The Characters (Masterplots II: African American Literature, Revised Edition)
Kenan contrasts the older and newer generations of African Americans in order to highlight their differences. His younger characters are being drawn into mainstream America through their better educational and vocational opportunities, their exposure to the mass media, their access to better transportation, and, to some extent, their integration with their white neighbors. The older people simply cannot understand what is happening. They complain about the behavior of the younger people and give them advice that often falls on deaf ears. In A Visitation of Spirits, the older characters such as Ezekiel Cross serve as a sort of Greek chorus commenting on the real action of the story, which inevitably involves the young people; they are the only ones whose activities are of real significance.
The younger characters, particularly Horace Cross and Jimmy Greene, are portrayed from the inside, whereas the older characters are portrayed from the outside, from their behavior and their conversation. Kenan describes Horace’s and Jimmy’s thoughts and feelings in such detail that the novel in many places comes close to stream-of-consciousness writing.
Throughout the novel, Horace is cut off from everyone else by his psychosis. He is by far the most important character in the novel, which is essentially the story of his mental breakdown. His characterization, therefore, presents the greatest creative challenge to the author, and it is here that...
(The entire section is 437 words.)
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The Characters (Masterplots II: American Fiction Series, Revised Edition)
Horace reveals the state of the spurned in the United States. His struggle against himself and his struggle to be accepted result not in acceptance but rather in insanity and death. Horace perceives in his grandfather and great-aunt “an armor one wore to beat the consequences, invisible, but powerful and evident.” Horace is, throughout the novel, unable to clothe himself in this armor and so cannot endure. Horace attempts to belong, to join a community, throughout his brief life. As a grade school boy, his friend John Anthony had been his partner in science projects, field trips, sack races, and a love of books, “always books.” John Anthony, however, became a sports hero and an auto mechanics student. He becomes popular with the girls, and he grows distant from Horace—the good student—who tries to replace John Anthony with an amorphous academia.
Horace’s academic ambitions place him within reach of Gideon Stone, with whom he is assigned to complete a science project, the ultimate result of which is Horace’s first homosexual encounter. Unable to accept his own sexual urges, Horace fights against his feelings by joining the track team and beginning to socialize with a group of “white boys” at the high school, boys who have moved to Tims Creek recently. His friendship with those other outcasts from the school is forbidden by his grandfather when Horace comes to the Thanksgiving dinner table with an earring in his newly pierced ear....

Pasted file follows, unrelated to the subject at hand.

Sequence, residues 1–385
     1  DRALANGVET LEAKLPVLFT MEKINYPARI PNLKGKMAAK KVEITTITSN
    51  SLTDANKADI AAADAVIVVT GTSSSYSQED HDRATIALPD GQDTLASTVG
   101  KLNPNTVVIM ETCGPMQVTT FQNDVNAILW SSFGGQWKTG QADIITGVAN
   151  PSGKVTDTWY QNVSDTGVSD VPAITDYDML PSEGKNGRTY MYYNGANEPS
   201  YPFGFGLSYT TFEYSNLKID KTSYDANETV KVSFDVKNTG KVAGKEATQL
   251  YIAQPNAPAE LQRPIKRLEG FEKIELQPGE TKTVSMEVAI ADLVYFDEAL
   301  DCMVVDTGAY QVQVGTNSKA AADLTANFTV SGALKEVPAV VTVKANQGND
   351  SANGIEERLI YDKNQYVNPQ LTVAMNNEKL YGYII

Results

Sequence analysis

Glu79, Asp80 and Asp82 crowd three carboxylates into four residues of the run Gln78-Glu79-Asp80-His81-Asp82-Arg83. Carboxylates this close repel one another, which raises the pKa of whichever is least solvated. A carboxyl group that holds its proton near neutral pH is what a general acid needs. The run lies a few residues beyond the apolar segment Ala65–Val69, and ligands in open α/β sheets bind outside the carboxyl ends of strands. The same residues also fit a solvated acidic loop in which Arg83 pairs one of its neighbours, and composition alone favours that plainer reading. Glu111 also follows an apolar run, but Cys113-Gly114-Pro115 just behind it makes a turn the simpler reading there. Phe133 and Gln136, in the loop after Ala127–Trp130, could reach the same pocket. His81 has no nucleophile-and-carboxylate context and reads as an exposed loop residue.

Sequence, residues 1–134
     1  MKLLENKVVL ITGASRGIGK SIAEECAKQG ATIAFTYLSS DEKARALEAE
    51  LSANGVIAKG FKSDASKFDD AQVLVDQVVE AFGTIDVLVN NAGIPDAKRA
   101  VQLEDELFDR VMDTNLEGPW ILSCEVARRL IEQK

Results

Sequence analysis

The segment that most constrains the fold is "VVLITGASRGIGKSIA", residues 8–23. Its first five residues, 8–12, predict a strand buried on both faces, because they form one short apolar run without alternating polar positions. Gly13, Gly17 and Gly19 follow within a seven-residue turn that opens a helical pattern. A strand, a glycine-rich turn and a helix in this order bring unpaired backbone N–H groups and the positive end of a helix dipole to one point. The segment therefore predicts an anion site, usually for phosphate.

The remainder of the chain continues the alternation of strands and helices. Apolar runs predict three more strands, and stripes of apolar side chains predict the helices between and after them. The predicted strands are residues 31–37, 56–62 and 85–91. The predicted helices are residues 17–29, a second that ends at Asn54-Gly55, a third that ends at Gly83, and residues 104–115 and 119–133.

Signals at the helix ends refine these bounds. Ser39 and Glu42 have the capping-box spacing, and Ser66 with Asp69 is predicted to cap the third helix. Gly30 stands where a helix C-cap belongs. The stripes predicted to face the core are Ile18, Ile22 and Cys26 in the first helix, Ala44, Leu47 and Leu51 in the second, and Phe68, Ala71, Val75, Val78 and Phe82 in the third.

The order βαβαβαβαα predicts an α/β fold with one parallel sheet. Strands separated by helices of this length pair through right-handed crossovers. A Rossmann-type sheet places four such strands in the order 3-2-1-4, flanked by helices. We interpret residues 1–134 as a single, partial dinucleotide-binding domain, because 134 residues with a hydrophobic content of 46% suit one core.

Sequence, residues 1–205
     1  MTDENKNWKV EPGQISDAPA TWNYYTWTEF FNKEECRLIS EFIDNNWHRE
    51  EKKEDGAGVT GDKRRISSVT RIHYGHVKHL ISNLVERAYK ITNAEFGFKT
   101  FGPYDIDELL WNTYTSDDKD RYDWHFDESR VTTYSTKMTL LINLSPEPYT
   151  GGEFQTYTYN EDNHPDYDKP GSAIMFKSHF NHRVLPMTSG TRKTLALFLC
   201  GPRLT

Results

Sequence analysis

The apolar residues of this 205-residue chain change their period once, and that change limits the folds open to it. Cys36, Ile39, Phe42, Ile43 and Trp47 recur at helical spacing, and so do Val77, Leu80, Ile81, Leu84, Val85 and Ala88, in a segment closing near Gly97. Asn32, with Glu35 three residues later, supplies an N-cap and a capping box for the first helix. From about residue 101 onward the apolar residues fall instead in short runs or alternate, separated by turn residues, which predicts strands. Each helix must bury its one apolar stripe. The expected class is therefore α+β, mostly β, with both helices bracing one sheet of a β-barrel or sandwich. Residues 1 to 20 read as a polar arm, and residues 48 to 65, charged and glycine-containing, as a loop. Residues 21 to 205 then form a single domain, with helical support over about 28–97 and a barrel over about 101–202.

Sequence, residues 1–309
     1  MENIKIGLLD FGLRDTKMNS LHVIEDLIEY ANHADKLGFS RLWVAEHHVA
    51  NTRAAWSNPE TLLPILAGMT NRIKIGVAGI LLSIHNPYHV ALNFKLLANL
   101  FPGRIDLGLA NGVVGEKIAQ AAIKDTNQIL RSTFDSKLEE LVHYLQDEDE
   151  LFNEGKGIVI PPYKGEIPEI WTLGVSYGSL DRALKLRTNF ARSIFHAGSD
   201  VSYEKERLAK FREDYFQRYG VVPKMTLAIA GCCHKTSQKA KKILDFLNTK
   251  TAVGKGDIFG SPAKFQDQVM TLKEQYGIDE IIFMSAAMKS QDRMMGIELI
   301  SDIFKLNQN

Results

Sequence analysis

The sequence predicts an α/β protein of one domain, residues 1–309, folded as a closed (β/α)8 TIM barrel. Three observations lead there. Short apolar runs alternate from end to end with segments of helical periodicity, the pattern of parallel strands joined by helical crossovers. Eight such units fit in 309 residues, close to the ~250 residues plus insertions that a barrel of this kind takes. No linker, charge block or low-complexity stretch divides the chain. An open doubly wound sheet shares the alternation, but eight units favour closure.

(The entire section is 766 words.)
Characters Discussed (Cyclopedia of Literary Characters, Revised Third Edition)
Horace Thomas Cross
Horace Thomas Cross, a sixteen-year-old adolescent of predominantly African American ancestry with one white ancestor who was a leading citizen of the community. Throughout the novel, Horace undergoes a severe psychotic episode triggered by his conflict over his homosexuality and exacerbated by his interest in the supernatural. In his desperate quest to find answers to his life problems, he has resorted to necromancy. He has a nervous breakdown. Throughout the novel, he wanders around town nearly naked and carrying his grandfather’s rifle.
The Reverend James (Jimmy) Malachai Greene
The Reverend James (Jimmy) Malachai Greene, Horace’s cousin, a minister of the Southern Baptist Church who is in his twenties. He has gotten over his earlier homosexual conflicts but is now undergoing conflicts of religious faith. He wishes to be able to counsel people in distress but feels incompetent to do so. Although he buries himself in his work, he does not feel satisfied with what he is doing; he believes he is only going through the motions of being a preacher to please his many doting, sacrificing relatives. He is also frustrated with people’s obstinate, self-destructive behavior. He encounters an extreme example of such behavior when he sees Horace Cross carrying the rifle. At first it appears that the deranged youth may have decided to kill Jimmy; eventually, it becomes apparent that Horace has decided,...
(The entire section is 534 words.)